Global financial system ‘in great imbalance,’: Thai central bank

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BANGKOK, May 25  – Bank of Thailand (BoT) Governor Prasarn Trairatvorakul on Tuesday said the global financial system is in great imbalance as seen by the currency fluctuations.

Mr Prasarn said the baht is more volatile at present due to rapid change in external economic factors, particularly the persistent public debt problem in the European Union and fragile economic recovery in the United States.

“We rarely intervene in the baht movement when the currency weakens because [Thailand] counts on exports to earn foreign exchange,” he said. “What we must do now is to ease the volatility of the baht to ensure it does not fluctuate too heavily,” he said.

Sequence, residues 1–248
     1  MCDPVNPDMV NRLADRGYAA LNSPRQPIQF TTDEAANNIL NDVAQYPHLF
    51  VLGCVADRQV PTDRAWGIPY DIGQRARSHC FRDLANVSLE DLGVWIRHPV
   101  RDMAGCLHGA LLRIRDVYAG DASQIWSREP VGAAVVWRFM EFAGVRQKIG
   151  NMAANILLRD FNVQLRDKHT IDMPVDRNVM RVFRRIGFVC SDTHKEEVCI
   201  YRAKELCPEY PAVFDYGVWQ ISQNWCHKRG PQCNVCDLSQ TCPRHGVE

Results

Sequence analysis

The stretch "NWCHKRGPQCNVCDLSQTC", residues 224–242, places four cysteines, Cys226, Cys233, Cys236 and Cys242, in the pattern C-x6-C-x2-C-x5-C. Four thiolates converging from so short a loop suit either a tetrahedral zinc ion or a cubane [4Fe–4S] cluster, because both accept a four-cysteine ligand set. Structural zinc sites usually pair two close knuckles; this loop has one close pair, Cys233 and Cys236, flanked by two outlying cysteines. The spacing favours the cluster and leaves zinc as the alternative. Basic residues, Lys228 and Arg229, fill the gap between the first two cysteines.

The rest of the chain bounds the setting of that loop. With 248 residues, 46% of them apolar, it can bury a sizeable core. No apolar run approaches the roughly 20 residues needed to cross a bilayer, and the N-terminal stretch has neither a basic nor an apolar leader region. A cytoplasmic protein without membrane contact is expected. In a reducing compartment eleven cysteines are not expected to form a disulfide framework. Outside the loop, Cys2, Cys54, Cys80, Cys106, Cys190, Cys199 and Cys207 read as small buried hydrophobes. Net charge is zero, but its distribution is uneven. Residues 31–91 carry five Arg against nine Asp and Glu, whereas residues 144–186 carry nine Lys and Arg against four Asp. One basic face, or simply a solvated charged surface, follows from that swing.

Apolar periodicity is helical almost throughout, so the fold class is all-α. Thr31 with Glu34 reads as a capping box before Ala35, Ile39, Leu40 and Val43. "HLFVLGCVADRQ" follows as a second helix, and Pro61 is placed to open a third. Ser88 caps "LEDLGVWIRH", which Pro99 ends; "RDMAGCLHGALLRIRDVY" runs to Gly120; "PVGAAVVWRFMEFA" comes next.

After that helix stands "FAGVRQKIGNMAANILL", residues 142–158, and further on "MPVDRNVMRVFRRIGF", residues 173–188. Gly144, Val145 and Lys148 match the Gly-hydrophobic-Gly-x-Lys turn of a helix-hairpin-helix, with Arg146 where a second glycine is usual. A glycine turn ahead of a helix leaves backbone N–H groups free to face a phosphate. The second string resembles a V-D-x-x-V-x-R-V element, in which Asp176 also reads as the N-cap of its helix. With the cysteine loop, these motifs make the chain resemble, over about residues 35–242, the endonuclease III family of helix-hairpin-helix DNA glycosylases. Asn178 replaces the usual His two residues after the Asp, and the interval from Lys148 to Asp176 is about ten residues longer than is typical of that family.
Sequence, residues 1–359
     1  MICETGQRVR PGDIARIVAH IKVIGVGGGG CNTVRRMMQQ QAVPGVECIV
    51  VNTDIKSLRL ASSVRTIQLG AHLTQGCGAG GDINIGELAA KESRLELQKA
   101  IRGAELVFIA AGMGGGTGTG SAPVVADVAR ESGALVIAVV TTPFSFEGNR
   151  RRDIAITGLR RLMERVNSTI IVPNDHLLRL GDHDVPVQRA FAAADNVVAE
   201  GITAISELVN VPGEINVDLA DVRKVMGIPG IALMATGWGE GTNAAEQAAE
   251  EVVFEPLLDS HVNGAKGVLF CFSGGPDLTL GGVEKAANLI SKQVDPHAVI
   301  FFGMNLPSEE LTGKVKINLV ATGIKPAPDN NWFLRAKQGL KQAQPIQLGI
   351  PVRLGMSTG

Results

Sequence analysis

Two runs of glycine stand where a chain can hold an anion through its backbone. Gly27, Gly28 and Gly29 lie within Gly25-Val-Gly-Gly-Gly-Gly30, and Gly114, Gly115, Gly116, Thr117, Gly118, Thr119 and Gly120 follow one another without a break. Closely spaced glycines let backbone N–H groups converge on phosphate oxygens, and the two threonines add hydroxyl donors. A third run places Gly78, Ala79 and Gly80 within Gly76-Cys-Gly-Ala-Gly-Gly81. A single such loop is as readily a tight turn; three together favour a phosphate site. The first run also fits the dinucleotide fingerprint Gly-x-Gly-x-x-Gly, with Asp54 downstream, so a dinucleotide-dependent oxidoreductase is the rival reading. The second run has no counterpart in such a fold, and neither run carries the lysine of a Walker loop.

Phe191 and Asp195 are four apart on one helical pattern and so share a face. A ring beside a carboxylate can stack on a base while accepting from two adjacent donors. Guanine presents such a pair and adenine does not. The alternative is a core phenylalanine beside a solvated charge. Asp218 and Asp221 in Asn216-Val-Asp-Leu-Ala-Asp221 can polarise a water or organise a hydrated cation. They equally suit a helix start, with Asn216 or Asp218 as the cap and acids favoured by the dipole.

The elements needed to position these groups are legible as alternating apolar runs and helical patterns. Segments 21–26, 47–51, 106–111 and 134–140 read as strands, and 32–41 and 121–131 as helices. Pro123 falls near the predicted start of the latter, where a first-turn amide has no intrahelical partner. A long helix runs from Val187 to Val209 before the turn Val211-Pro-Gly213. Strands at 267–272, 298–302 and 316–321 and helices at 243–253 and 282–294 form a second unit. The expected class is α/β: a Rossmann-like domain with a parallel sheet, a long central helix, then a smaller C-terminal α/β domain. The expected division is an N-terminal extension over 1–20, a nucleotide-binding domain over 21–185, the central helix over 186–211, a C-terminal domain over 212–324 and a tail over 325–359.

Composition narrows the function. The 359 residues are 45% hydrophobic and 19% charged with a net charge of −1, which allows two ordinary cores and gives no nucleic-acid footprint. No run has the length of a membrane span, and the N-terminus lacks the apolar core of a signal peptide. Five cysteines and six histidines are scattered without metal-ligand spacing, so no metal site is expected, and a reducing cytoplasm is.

The US economy represented around 20 per cent of the gross domestic product (GDP) of the globe when it experienced the economic recession.

About 80 per cent of countries worldwide use the US dollar for trading. Simultaneously, China whose economy has expanded rapidly, has a small money supply in the market.

The current situation has many countries continuing to experience the volatility of the US dollar, which looks set to continue to weaken. However, no other currencies can replace the dollar for the time being.

“At present, all countries have been negatively affected by the US economic woes and currency volatility. Thailand is no exception,” the BoT chief said. “Strengthening the baht last year caused [the Bank of Thailand] to lose currency exchange from intervening in the baht movement to ensure its stability.”